17. The fundamental right of a farmer to cultivate his land is a part of right to livelihood “Agricultural land is the foundation for a sense of security and freedom from fear. Assured possession is a lasting source for peace and prosperity.” India being predominantly an agricultural society, there is a “strong linkage between the land and the person’s status in the social system.”

“10. …A blinkered vision of development, complete apathy towards those who are highly adversely affected by the development process and a cynical unconcern for the enforcement or the laws lead to a situation where the rights and benefits promised and guaranteed under the Constitution hardly ever reach the most marginalised citizens.

11. …For people whose lives and livelihoods are intrinsically connected to the land the economic and cultural shift to a market economy can be traumatic.”

(Vide: Mahanadi Coal Fields Ltd. and Anr. v. Mathias Oram and Ors.: (2010) 11 SCC 269; and Narmada BachaoAndolan v. State of Madhya Pradesh and Anr: AIR 2011 SC 1989)”

18. A farmer’s life is a talc of continuous experimentation and struggle for existence. Mere words or a visual can never convey what it means to live a life as an Indian farmer. Unless one experiences their struggle, that headache he will never know how it feels. The risks faced by the farming community are many: they relate to natural calamities such as drought and floods; high fluctuation in the prices of input as well as output, over which he has no control whatsoever; a credit system which never extends a helping hand to the neediest; domination by middlemen who enjoy the fruits of a farmer’s hard work; spurious inputs, and the recent phenomenon of labour shortages, which can be conveniently added to his tale of woes. Of late, there, have been many cases of desperate farmers ending their lives in different parts of the country. The Principles of Economics provides for the producer of a commodity to determine his prices but an Indian farmer perhaps is the only exception to this principle of economics, for even getting a decent price for their produce is difficult for them.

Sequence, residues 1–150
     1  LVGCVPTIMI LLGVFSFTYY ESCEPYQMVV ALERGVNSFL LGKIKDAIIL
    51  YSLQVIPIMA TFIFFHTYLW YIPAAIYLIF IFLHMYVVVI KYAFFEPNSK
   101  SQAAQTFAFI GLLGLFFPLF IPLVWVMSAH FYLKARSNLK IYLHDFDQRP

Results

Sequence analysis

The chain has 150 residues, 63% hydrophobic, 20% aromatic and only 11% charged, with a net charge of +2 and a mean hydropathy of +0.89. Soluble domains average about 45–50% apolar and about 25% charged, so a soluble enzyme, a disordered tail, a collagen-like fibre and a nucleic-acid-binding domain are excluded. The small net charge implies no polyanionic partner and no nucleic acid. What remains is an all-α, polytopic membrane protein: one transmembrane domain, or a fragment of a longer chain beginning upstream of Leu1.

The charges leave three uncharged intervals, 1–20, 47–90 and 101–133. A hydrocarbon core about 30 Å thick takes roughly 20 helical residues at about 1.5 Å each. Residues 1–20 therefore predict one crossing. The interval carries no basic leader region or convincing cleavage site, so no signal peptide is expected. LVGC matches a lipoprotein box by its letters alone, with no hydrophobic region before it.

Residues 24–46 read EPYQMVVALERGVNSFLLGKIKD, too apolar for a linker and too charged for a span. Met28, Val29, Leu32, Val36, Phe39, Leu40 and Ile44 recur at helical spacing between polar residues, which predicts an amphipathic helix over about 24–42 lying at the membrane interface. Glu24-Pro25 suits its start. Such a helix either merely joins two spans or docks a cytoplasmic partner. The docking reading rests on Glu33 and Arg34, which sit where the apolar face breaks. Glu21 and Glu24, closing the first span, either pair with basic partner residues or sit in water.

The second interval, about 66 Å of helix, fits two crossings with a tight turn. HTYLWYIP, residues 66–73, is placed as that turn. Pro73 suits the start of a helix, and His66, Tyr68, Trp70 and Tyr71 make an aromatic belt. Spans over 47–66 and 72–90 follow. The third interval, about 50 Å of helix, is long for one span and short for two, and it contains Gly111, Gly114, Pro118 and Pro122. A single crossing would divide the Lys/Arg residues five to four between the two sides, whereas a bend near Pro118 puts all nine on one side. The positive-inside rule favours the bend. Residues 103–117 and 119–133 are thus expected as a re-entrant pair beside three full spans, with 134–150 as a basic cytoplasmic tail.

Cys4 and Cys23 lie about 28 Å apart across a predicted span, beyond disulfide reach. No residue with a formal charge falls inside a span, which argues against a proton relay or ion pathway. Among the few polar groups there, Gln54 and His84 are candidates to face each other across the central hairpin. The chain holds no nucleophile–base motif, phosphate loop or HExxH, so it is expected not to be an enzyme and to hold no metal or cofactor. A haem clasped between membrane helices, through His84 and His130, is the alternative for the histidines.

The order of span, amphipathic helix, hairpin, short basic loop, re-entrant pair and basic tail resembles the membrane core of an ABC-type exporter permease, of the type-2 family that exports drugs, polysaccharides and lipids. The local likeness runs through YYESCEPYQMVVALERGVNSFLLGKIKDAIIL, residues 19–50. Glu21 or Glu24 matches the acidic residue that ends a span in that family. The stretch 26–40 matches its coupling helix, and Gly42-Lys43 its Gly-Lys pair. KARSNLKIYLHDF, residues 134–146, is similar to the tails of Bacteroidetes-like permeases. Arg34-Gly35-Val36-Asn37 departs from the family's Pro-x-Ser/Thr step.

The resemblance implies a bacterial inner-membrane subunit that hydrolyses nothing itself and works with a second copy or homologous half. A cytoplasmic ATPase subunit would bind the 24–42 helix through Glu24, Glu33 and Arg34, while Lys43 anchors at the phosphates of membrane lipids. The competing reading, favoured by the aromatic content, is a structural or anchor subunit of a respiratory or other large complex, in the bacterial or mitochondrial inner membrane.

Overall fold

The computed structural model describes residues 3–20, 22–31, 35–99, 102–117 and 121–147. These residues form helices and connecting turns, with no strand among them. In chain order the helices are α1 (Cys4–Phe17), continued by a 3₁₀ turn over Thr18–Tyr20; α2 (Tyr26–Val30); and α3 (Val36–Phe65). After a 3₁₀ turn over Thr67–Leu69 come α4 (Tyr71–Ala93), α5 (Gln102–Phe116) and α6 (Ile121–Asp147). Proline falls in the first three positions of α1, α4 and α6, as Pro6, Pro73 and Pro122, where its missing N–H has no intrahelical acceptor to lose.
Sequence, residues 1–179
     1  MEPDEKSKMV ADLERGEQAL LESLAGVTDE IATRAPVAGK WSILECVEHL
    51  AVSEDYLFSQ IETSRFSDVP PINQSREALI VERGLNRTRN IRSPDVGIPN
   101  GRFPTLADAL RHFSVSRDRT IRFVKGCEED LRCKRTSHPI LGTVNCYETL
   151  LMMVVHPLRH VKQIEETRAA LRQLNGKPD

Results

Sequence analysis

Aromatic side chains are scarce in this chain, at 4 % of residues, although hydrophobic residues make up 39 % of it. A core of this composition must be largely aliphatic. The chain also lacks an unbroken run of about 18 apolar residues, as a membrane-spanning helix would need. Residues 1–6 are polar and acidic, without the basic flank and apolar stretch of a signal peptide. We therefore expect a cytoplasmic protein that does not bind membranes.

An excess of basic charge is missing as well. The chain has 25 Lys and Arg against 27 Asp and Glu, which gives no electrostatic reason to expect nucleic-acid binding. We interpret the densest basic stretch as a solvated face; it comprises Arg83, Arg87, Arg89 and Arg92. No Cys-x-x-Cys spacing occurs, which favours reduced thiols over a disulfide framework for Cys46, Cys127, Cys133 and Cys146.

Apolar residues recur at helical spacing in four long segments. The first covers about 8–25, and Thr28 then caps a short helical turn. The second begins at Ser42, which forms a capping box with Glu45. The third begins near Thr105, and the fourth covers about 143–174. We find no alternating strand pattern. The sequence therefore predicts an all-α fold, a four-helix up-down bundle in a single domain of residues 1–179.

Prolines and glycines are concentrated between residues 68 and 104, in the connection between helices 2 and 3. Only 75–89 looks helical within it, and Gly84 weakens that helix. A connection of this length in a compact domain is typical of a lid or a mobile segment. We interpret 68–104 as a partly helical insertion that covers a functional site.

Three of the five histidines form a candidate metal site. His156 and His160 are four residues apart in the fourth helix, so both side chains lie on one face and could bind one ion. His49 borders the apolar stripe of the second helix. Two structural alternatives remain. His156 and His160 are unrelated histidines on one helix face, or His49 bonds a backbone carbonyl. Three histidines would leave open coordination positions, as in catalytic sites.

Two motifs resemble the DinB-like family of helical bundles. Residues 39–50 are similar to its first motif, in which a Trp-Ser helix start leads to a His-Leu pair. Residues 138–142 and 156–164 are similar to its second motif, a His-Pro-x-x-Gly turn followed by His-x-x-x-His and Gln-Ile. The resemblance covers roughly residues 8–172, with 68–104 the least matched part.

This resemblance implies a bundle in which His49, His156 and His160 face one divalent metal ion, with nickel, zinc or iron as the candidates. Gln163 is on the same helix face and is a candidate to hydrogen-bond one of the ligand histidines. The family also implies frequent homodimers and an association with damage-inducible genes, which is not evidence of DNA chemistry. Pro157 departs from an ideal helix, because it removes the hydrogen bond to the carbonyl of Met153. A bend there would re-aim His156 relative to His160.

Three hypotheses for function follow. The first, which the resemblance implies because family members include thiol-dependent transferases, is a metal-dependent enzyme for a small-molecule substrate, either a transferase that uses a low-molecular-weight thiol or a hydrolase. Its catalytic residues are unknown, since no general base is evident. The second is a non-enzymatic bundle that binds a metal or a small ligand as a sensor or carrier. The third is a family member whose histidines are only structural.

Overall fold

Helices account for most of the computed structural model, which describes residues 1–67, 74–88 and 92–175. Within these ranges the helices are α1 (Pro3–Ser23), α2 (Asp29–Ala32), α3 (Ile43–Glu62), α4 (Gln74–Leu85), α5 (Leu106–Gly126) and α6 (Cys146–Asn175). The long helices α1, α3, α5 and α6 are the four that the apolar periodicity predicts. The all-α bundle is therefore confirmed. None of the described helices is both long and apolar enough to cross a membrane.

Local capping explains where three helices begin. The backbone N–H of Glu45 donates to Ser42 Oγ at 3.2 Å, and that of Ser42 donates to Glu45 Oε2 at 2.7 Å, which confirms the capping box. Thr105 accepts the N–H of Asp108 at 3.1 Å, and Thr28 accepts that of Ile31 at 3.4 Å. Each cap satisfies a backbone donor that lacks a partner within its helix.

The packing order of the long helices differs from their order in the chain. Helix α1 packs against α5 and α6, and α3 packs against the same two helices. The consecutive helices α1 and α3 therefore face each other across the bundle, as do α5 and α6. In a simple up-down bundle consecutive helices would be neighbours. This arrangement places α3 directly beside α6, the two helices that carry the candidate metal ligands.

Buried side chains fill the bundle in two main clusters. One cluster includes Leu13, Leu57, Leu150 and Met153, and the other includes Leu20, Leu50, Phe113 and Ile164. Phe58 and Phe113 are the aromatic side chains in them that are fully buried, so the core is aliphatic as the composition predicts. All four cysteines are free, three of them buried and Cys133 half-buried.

19. Economic growth through the 1990’s had made India a more market-oriented economy, but had failed to benefit all Indians equally. The problems that plagued the farmers several decades ago are still glaringly present today; there is little credit available. What is available is very expensive. There is no advice on best practice in conducting agriculture operations. Income through farming is not enough to meet even the minimum needs of a farming family. Support systems like free health facilities from the government are virtually non-existent. The drama of millions leaving their homes in search of jobs, which are non-existent of villages swiftly losing able-bodies of adults, leaving behind the old, hungry and vulnerable. Families break up as their members head in diverse directions.”

16. It is an admitted case that initially, when the Notification was issued under Section 15(2) of the Act on 27.11.2014, the extent of land that was sought to be acquired from the petitioner measured an extent of 4.62 cents. The petitioners had immediately given their objections and an enquiry was also conducted on 29.02.2015 where the petitioners appeared for the enquiry and made their submissions. Nearly after four years, an amended Notification was issued on 22.12.2018 and the same was published in the daily newspapers on 28.12.2018. As per this Notification, the total extent of land that was sought to be acquired from the petitioners was increased to 21.85 cents. In the considered view of this court, the petitioners were losing a larger extent of land and therefore, the respondents ought to have issued a fresh show cause notice under Section 15(2) of the Act. However, the respondents failed to do the same. The respondents must have borne in mind that the owners of the land already have a very limited right of submitting their objections and that right cannot be taken away, more particularly, when a larger extent of land is sought to be acquired from the petitioners. The petitioners were entitled for a fresh show cause notice after the amended Notification was issued in the year 2018. Even though the Notification issued on 22.12.2018 is called as an “amended Notification”, insofar as the petitioners are concerned, it must be construed as a fresh Notification under Section 15(2) of the Act since a larger extent of land was sought to be acquired from the petitioners.

17. The petitioners on seeing the amended Notification published in the newspapers, gave their objections, out of abundant caution, even though they were not served with any fresh show cause notice. In the said objections, the petitioners have raised a very strong objection with regard to the deletion of property bearing S.F. No 567/2 which is a property on the other side of the road right opposite to the property of the petitioners. According to the petitioners, this property was owned by a police official and only due to his influence, it was deleted in the amended Notification and to set off the same, a larger extent was acquired from the petitioners.

18. This objection made by the petitioners cannot be brushed aside. It requires a very serious consideration. The second respondent in the counter affidavit has stated that the property bearing S.F. No 567/2 stood deleted along with the property bearing S.F. No 567/1. According to the respondent, the property bearing S.F. No. 567/1 had certain harijan families living in the poramboke land and that therefore, it was deleted. The land bearing S.F.No. 567/2 was deleted since there was a modification in the alignment and therefore, there was no oblique motive in deleting the property bearing S.F.No 567/2 from the Notification.